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Why Nintendo Directs will never go away

Posted on June 12, 2022 by (@brodee922) in Features, General Nintendo

Why Nintendo Directs will never go away

We’re officially in the middle of E3 time (or when E3 would’ve been), and that means that Nintendo Direct discussion is heating up again. From so-called “leaks” to well-informed predictions, it seems like everyone has an opinion on when a presentation is coming, and what we should see in such a broadcast. This is always a fun season of thinking about what Nintendo has planned, but something that also comes up constantly when talking about this subject is: what if Nintendo just doesn’t air a Direct? And, furthermore, what if Nintendo doesn’t air one ever again?

It’s a fair question to ask; Nintendo is a notoriously unpredictable company and many times predicting their next move does not yield results. Also, looking at a list of the Directs through time, there is a noticeable reduction of presentations in recent years (there were only three Nintendo Directs last year compared to five in 2020). So, the natural response to this information is thinking that maybe a day will come when there will be no more Directs at all. However, digging deeper into the logic of this argument shows how it is fundamentally flawed; and, in reality, Directs will never truly be “dead.”

Nintendo Directs are infomercials for gamers

This boils down to defining what a Nintendo Direct is. Nintendo Directs are presentations that Nintendo produces themselves and focuses on things that enhance their brand. Whether this be games developed by their own development studios or games that are coming exclusively to their hardware, they are basically just an advertising tool. And, much like other advertisements, these events have been specifically crafted to hold peoples’ interest.

Generally, each presentation has a big opener, a sizzle reel of some kind, a shadow drop, and a big finish or “one more thing.” While we may enjoy these defining features, they are not unique to Directs, and a lot of other advertisements use this same format. Think of an infomercial – a big grab introduces you to the product, a series of practical uses keeps you invested, and the “call now,” and “wait there’s more!” finishes the sale. Nintendo has definitely refined their method, but the core of any Direct is an ad. So, when we demystify Nintendo Directs a bit, the claim that they will “die out” makes less sense. Nintendo will never stop advertising their brand, and this format of advertising has proved useful to deliver their information.

Do Directs end when Nintendo stops calling them “Directs?”

This is when the other part of the argument comes out that says “oh, well Nintendo will just stop doing presentations in this style.” Basically claiming that Nintendo will obviously never stop presenting their own products, they will just stop presenting them in the format of a Direct. But, we already mentioned how this format is not specific to Directs. Many video game conferences and presentations do this exact thing (think of PlayStation’s State of Play, E3, or Xbox Showcases), and Nintendo is not going to stop advertising in the most efficient way. Every brand needs streamers/entertainers to interact with their content, and these presentations make it easy to do that. Additionally, there are so many variations to Nintendo Directs – Minis, Partner Showcases, Indie Worlds, franchise focuses – when we say that Nintendo Directs will die out, does that include all of these? It’s hard to imagine that Nintendo will completely drop all the different presentations they have built up through the years.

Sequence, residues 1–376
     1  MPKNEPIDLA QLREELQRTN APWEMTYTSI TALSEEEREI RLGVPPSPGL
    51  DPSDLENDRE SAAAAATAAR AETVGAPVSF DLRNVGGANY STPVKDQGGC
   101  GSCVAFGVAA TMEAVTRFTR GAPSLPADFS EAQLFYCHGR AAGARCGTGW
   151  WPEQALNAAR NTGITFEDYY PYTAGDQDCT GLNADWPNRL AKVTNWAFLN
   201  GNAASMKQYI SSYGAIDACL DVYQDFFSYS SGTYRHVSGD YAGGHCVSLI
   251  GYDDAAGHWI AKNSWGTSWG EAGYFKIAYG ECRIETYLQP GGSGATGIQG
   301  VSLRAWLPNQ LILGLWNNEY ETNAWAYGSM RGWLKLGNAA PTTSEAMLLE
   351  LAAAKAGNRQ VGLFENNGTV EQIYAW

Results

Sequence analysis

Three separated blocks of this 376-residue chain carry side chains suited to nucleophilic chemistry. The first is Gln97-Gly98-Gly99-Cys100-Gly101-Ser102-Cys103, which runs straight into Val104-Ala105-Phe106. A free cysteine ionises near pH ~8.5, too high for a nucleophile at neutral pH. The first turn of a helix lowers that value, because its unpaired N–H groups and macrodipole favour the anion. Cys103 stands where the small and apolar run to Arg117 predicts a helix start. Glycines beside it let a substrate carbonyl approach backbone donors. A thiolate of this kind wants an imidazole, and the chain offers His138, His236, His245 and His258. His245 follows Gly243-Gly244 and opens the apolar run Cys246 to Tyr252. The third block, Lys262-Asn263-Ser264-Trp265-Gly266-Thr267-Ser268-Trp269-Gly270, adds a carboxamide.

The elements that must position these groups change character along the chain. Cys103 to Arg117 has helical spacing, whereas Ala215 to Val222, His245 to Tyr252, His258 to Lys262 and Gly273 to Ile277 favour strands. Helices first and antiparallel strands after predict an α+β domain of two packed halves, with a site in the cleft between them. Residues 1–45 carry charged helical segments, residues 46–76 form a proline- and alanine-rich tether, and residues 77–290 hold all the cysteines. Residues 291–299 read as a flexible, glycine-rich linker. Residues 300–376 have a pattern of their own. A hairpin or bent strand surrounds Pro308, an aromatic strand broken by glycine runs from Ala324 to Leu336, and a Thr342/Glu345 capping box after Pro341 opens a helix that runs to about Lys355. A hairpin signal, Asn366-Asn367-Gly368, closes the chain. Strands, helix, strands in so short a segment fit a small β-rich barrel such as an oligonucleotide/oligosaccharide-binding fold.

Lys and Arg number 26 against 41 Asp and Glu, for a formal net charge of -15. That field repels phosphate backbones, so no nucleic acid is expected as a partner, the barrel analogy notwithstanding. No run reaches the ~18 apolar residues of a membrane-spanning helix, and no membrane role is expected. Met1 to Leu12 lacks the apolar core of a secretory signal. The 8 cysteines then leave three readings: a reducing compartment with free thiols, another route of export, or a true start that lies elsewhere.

It’s all about the outrage, baby!

Really, when it comes down to it, the claim that Nintendo Directs are dead or will die out is based out of outrage; and this is the same reason why the logic behind it doesn’t add up. This discussion always pops up after Nintendo doesn’t air a Direct during a time that they were “supposed” to. People have certain months they expect Directs based on past presentations, and when these don’t show up, they look for a reason to validate their expectation.

A good example of this comes from 2020, when Nintendo didn’t air its June Direct due to the cancellation of E3. Even with the pandemic ramping up, there was a lot of talk about Nintendo not showing its E3 showcase independently due to them moving away from Directs. The discussion has even shown up when presentations are just a few weeks off, such as last year when Nintendo had a late September Direct instead of announcing one earlier in the month. People want a reason why they didn’t get a Direct, and Nintendo getting rid of them is a common scapegoat. It’s easy to see how this doesn’t make a lot of sense, as making a broad claim based on assumed information makes it a faulty claim from its concept stage.

The most important thing to remember…

The most important thing to remember as we grow closer to another time that Nintendo “should” air a Direct is that we are not Nintendo insiders (even the self-proclaimed “insiders” are not exactly insiders). As mentioned, the Big N is a notoriously unpredictable company, and they can change their schedule as they see fit. Nintendo will always air Directs or something adjacent, and the claim that they are “dead” is most usually fueled by outrage. Directs may shift and change, but it’s safe to say that they will be around for a long time, as they are just advertisements. Nintendo will always need to advertise its products, and a much more interesting conversation regarding this is what new products the company will dream up.

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